Though not a published or precedential decision, the District Court of New Jersey recently issued a significant ruling regarding mandatory detention and whether an individual is entitled to a bond hearing. In Demanche v. Taylor, et. al., the Court ruled that the Petitioner, who had filed a Habeas Corpus Action to determine the lawfulness of his custody, was entitled to an individualized bond hearing despite the Department of Homeland Security's argument and position that he was subject to mandatory detention for having committed an aggravated felony and two crimes involving moral turpitude. The Court examined the issue of what constitutes a reasonable interpretation of the "when... released" language of Section 1226(c) and found that, in line with the plain meaning of the statute, "when" does not mean "any time after" release. In this particular case, DHS took custody of the Petitioner five years after he was released from his criminal sentence. Maybe the result might have been different if the time period were shorter, but in this particular instance, five years did not conform to the spirit or plain meaning of the statute regarding mandatory detention of aliens.
We have received word that the USCIS offices in New Jersey will be closed tomorrow due to Hurricane Sandy. The Newark and Mount Laurel Offices will be closed.
In an interesting decision out of the First Circuit, Sheikh vs. Holder, the Court of Appeals recently ruled that it was not an abuse of discretion for an Immigration Judge to deny a six-month continuance to the Respondent to wait for the passage of comprehensive immigration reform that would allow him to possibly adjust status. In this particular case, the Respondent, Mr. Sheikh acknowledged that while he was not eligible to adjust his status based upon an approved I-140, and that he had no other pending applications, he argued that the Judge committed reversible error by failing to grant his request for a postponement, so that "a change in immigration law would inure to his benefit." The BIA affirmed the Judge's decision, and eventually the case made its way up to the Court of Appeals. The case is an interesting read because it reviews the standard for continuances as laid out in Matter of Hashmi, 24 I&N Dec. 785 (2009), considerations of which include:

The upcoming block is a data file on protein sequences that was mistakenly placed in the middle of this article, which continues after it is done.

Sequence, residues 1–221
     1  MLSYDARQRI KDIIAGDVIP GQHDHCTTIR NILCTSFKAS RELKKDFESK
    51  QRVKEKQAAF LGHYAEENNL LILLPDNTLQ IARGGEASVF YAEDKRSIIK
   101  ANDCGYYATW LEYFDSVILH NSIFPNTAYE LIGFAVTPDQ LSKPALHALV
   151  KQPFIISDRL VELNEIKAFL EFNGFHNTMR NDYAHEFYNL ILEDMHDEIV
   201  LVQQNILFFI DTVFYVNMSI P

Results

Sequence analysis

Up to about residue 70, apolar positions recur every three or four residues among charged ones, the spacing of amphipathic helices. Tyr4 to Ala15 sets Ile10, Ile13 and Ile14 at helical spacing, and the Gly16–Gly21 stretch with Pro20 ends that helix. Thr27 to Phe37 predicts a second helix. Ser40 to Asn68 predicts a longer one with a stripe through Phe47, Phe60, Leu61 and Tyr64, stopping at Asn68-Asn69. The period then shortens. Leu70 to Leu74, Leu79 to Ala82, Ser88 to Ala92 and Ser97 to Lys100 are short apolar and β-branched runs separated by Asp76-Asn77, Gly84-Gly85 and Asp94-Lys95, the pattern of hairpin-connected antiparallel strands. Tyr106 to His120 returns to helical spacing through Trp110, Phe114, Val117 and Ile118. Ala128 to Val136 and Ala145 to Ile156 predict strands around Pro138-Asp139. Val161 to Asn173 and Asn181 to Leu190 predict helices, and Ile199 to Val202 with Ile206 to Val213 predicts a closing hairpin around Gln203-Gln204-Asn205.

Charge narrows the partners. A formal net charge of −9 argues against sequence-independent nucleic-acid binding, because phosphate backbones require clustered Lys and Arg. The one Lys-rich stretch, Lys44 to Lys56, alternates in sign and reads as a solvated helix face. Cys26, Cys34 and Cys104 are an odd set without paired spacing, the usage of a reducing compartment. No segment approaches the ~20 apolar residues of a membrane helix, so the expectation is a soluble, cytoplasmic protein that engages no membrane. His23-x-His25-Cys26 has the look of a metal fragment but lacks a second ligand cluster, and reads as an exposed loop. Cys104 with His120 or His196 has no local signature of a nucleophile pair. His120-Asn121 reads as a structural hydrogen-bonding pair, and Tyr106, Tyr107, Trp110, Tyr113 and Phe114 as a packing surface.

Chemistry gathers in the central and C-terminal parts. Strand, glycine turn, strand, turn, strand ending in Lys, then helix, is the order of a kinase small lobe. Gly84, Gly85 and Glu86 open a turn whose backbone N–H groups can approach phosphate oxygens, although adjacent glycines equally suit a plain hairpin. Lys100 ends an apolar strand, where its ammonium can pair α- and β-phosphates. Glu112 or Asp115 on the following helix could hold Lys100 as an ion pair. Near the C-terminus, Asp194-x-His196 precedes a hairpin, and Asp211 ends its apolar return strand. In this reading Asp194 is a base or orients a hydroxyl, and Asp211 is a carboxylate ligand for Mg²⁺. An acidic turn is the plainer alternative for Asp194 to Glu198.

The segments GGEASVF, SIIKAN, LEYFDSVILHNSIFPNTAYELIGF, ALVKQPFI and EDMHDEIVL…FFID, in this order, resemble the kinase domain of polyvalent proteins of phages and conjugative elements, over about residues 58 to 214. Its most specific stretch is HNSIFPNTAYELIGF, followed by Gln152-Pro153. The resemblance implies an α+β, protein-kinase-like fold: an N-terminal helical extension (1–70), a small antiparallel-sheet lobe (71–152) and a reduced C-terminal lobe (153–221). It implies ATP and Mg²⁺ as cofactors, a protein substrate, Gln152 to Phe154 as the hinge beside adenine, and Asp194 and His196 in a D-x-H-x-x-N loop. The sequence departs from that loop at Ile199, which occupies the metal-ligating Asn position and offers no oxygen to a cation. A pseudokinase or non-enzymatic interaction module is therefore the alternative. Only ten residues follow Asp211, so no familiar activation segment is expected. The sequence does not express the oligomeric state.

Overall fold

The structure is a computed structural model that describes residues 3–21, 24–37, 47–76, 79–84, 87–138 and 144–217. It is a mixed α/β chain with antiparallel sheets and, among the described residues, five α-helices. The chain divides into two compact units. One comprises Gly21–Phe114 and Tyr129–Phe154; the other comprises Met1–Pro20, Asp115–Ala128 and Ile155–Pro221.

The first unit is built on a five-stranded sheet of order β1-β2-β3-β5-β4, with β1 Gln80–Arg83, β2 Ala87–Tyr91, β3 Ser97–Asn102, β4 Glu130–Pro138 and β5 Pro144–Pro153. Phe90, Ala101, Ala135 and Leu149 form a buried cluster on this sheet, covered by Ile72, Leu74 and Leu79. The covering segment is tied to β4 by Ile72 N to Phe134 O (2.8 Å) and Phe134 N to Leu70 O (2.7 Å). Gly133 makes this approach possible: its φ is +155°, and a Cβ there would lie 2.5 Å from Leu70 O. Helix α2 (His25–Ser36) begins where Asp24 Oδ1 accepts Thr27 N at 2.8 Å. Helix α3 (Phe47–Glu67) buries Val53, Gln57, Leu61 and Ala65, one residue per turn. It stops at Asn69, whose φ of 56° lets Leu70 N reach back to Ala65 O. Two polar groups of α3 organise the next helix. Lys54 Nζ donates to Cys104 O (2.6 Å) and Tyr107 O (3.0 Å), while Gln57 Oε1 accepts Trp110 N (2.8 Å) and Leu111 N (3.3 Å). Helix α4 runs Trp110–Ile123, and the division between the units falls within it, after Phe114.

1) the [government's] response to the motion; 2) whether the underlying visa petition is prima facie approvable; 3) the [alien's] statutory eligibility for adjustment of status; 4) whether the . . . application for adjustment merits a favorable exercise of discretion; and 5) the reason for the continuance and other procedural matters.
This week, the Department of Homeland Security announced an extension of TPS or Temporary Protected Status for nationals of Haiti. According to the public release, the extension period will begin next year, January 23, 2013, and end on July 22, 2014. Those who currently have TPS as Haitians who wish to extend their TPS status must re-register during the sixty day reregistration period that runs through November 30, 2012. It is important to note that individuals who have not continuously resided in the US since January 12, 2011, will not be eligible. According to USCIS, "Temporary Protected Status (TPS) is a temporary immigration benefit that allows qualified individuals from designated countries (or parts of those countries) who are in the United States to stay here for a limited time period. A country may be designated for TPS by the Secretary of Homeland Security based on certain conditions in the country that temporarily prevent the country's nationals from being able to return safely, or in certain circumstances, the country's government from being able to handle their return adequately. A TPS country designation may be based on on-going armed conflict, environmental disaster, or other extraordinary and temporary conditions in the country."